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Just say NO...to Meetings!

Imagine the scene. You spend weeks coordinating an important meeting: preparing a presentation with key information, making sure the “right” people are invited, and clearing your calendar so you are not double booked on the big day. And then the morning of the event arrives, and one by one, meeting attendees change their response from “accept” to “decline.” You are left with just you and the "Zoom room".



You are crushed, the project may be delayed, and your day is thrown off course as you scurry to follow up with attendees to reschedule. This scenario is not unique in the corporate world. And while no one likes a last-minute cancellation, there are a slew of good reasons to decline a meeting with notice (emphasis on the notice!). It proves to be beneficial for all if you practice brutal honesty when evaluating meeting invites. Professionals can learn how to assess meeting invites by utilizing a few quick check techniques to evaluate whether the time and meeting are necessary.


It is easy to forget that inviting someone to a meeting is, in essence, asking them to donate their time. This ask likely means they will invest time above and beyond the meeting preparing to participate, which reduces their availability to contribute on other projects. It is all fair in love and work if the meeting is a high priority on their list. But what if the topic does not take precedence? In this situation, it is worthwhile to check out the attendee list to see if others from your department or team have also been invited. Can you designate one person to report out after the meeting instead of all attending? This quick check helps your team plan accordingly and is a good example of how you would like your team to evaluate future meetings.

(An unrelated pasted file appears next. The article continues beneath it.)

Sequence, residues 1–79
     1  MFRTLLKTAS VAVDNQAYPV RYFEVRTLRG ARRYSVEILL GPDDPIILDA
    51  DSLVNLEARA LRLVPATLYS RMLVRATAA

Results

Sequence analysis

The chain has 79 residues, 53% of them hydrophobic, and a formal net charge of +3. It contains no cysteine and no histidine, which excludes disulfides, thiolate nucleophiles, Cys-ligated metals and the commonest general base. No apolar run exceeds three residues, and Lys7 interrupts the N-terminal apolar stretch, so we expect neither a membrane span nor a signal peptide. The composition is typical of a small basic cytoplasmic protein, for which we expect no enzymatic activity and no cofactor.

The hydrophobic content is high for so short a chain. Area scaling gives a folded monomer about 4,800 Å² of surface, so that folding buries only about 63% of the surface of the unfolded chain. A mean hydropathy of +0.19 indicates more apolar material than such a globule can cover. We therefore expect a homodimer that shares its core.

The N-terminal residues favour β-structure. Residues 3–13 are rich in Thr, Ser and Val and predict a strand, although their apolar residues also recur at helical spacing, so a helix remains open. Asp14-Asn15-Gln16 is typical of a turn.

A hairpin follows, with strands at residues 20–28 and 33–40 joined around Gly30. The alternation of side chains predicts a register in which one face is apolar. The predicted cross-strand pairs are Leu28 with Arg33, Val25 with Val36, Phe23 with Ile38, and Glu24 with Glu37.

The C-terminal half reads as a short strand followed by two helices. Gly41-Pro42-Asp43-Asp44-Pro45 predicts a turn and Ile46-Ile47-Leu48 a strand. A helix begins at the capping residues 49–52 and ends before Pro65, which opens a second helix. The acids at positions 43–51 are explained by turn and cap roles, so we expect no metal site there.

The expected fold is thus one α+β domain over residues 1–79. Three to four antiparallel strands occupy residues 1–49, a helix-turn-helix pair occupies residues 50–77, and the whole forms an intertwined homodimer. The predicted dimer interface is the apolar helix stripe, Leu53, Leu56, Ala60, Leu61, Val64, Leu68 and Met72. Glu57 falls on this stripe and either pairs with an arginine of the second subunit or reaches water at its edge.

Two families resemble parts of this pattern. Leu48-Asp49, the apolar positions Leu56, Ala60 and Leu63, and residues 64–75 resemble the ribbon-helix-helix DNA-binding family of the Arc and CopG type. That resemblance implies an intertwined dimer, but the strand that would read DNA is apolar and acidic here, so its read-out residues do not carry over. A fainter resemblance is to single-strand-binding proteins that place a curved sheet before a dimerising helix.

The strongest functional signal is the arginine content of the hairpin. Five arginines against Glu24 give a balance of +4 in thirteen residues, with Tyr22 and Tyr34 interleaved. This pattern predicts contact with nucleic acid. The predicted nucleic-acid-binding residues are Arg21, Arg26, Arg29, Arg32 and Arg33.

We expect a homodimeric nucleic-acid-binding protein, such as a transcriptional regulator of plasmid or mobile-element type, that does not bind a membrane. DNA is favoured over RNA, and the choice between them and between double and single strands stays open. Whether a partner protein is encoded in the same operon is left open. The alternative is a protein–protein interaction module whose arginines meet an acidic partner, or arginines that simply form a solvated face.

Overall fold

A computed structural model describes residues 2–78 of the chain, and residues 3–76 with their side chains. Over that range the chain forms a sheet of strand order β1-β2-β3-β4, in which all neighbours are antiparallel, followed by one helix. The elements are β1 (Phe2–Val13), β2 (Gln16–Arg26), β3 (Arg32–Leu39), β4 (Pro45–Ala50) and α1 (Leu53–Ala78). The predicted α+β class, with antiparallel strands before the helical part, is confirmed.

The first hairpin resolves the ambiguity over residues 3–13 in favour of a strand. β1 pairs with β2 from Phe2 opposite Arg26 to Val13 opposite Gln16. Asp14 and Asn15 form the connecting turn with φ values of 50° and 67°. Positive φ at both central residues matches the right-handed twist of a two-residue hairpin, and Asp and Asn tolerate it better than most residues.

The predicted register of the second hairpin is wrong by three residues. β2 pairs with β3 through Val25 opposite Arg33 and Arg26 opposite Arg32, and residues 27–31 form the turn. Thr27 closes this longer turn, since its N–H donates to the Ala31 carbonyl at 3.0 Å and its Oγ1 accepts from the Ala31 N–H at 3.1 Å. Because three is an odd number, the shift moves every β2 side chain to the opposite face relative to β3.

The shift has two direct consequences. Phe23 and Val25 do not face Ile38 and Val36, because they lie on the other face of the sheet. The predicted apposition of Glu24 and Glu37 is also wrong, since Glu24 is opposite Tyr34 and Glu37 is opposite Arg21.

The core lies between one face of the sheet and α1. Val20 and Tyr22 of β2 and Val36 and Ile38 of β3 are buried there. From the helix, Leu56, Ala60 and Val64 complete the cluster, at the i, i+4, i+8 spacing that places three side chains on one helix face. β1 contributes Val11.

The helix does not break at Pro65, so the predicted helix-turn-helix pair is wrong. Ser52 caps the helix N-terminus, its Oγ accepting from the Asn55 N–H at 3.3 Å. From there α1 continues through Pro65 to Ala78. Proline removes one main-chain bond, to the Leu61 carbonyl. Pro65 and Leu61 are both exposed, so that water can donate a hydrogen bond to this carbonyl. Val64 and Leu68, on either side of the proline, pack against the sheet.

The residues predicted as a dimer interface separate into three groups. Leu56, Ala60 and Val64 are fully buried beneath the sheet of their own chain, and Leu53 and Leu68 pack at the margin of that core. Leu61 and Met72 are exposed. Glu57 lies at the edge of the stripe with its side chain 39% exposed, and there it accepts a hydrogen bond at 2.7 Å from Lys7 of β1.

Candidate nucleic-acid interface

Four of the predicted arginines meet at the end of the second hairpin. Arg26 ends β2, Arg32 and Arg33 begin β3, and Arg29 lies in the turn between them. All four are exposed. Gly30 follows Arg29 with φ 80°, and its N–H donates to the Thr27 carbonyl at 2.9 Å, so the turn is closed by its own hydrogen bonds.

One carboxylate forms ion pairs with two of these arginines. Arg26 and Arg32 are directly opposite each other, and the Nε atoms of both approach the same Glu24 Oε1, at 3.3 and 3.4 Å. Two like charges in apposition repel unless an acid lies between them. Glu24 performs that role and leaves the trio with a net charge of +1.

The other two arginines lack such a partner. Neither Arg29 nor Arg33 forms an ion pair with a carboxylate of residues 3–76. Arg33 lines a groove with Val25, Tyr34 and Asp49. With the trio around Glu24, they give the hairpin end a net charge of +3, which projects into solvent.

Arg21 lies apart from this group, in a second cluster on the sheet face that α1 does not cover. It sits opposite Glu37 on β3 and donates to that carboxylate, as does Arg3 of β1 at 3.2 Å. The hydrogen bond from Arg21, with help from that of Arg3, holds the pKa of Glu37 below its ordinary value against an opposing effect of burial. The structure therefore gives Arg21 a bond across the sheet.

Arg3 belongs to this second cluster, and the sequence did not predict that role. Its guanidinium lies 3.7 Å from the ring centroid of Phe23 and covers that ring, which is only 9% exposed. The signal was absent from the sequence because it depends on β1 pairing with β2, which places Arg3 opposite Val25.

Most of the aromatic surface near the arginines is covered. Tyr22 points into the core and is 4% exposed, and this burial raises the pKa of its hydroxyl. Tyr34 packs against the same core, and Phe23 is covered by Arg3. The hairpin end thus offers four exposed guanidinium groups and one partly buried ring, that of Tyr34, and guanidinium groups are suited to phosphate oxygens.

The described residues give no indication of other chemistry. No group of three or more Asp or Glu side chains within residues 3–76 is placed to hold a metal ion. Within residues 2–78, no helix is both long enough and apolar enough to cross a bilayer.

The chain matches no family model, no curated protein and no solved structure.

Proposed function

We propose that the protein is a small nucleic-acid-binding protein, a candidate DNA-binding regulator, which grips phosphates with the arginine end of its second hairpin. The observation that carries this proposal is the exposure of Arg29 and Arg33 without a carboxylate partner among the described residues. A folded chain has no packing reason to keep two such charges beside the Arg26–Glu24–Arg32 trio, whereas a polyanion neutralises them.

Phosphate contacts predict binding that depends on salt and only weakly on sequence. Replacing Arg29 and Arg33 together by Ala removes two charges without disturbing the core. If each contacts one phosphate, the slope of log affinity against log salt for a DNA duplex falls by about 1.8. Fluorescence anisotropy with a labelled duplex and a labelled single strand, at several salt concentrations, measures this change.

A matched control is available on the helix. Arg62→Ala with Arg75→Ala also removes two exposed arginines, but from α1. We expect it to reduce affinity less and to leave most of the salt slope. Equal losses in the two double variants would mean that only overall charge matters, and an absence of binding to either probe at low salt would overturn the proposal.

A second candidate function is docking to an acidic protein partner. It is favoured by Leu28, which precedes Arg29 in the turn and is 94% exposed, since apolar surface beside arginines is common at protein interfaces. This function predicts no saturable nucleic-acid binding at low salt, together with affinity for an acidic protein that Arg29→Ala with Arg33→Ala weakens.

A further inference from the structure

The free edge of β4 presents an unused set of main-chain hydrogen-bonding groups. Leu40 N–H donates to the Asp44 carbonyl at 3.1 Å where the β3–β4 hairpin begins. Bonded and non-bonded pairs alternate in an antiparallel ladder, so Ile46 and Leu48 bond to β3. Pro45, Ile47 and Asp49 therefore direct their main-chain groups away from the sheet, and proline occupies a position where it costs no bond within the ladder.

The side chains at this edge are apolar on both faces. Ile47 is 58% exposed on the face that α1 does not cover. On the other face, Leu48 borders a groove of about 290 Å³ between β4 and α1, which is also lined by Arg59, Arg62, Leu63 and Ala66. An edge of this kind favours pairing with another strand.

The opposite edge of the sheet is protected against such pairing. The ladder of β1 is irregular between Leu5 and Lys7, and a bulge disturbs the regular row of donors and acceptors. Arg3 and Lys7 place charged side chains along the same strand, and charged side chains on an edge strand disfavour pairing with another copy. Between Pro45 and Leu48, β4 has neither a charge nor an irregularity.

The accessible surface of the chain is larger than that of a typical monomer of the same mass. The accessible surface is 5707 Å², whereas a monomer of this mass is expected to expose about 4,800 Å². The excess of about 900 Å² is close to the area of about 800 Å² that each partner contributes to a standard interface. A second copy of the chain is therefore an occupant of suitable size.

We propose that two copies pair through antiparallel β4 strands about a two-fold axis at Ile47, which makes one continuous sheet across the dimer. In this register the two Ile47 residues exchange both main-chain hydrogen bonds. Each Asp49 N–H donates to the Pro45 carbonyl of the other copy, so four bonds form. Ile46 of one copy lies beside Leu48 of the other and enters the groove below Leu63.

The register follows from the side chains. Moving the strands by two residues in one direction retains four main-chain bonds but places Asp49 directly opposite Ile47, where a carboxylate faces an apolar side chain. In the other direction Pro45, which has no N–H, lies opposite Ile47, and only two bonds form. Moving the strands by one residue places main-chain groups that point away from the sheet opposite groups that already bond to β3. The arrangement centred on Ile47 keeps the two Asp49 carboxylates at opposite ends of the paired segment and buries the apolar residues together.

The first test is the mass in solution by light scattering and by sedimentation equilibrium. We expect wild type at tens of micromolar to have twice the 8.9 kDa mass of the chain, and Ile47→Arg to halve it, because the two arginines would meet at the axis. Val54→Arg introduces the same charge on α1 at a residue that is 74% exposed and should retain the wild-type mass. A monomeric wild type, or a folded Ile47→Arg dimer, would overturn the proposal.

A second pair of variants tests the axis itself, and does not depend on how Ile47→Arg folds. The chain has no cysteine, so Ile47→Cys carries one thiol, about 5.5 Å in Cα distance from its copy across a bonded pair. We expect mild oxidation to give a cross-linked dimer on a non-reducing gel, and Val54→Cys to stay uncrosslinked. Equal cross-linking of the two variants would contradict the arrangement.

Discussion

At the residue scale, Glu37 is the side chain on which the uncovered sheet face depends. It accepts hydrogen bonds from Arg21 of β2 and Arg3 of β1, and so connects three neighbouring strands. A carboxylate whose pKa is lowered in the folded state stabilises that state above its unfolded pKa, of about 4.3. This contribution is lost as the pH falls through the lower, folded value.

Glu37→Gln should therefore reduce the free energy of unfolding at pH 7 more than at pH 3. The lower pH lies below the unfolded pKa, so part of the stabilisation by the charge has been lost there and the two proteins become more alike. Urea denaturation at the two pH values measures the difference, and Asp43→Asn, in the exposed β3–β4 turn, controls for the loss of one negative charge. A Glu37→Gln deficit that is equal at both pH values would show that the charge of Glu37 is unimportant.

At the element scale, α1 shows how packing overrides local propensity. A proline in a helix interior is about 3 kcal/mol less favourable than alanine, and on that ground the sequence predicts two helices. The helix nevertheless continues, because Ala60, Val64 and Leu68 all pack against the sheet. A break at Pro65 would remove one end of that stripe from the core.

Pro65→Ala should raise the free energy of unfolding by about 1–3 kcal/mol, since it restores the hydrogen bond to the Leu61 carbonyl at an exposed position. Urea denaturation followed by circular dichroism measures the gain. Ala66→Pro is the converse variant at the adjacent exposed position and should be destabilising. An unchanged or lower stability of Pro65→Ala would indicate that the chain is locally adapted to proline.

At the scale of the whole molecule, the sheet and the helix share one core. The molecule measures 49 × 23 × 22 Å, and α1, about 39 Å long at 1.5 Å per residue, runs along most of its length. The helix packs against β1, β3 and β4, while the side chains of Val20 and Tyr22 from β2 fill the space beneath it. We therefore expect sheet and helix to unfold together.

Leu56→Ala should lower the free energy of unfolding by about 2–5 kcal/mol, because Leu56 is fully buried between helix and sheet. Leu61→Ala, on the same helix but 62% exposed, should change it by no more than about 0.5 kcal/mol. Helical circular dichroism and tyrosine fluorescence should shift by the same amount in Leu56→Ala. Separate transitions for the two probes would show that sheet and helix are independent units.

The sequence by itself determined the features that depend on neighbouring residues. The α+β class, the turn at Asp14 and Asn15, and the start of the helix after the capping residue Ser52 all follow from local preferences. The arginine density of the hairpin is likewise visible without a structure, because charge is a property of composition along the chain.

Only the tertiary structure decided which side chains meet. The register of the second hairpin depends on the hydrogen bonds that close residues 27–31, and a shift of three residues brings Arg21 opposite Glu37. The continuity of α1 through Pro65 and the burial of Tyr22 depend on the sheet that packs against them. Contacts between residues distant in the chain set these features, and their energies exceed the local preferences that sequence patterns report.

Another quick check technique is to review the agenda prior to accepting a meeting. This strategy allows you to consider whether your presence is needed for the entire duration of the meeting or just a specific portion. By communicating openly with the meeting planner, you may be able to identify a shorter block of time for you to join to cover an agenda item. You may even be able to negotiate moving your agenda item to the beginning or end of the meeting so you can slip in and out of the call. It is important to work with the planner to ensure this alteration doesn’t conflict with the flow of the material.


The final technique is to assess whether the meeting is set up for success. Is there a clear outline or itinerary to cover? Does the meeting have a clear purpose with necessary background? In short, you are testing the adage, “could this meeting be an email?” You can vet this by reviewing the materials available for the meeting and having a short conversation with the meeting coordinator. While this may seem pushy at first, it shows support and care if done in the right way. For example, use this conversation as a coaching opportunity if speaking with a less experienced colleague.


Learning to say no early and often not only preserves your time, it also shows respect for those around you. It increases communication and feedback with the meeting planner so they can plan accordingly. The techniques described above don’t just dump the problem in the planner’s lap. The quick checks help them identify alternatives and prepare for a well thought out meeting agenda. And that seems like time well spent.


References

Davey, L. (May 17, 2016). Polite Ways to Decline a Meeting Invitation. Harvard Business Review. https://hbr.org/2016/05/polite-ways-to-decline-a-meeting-invitation?registration=success

Johnson, W. (September 19, 2018). You Have to Stop Canceling and Rescheduling Things. Really. Harvard Business Review. https://hbr.org/2018/09/you-have-to-stop-canceling-and-rescheduling-things-really

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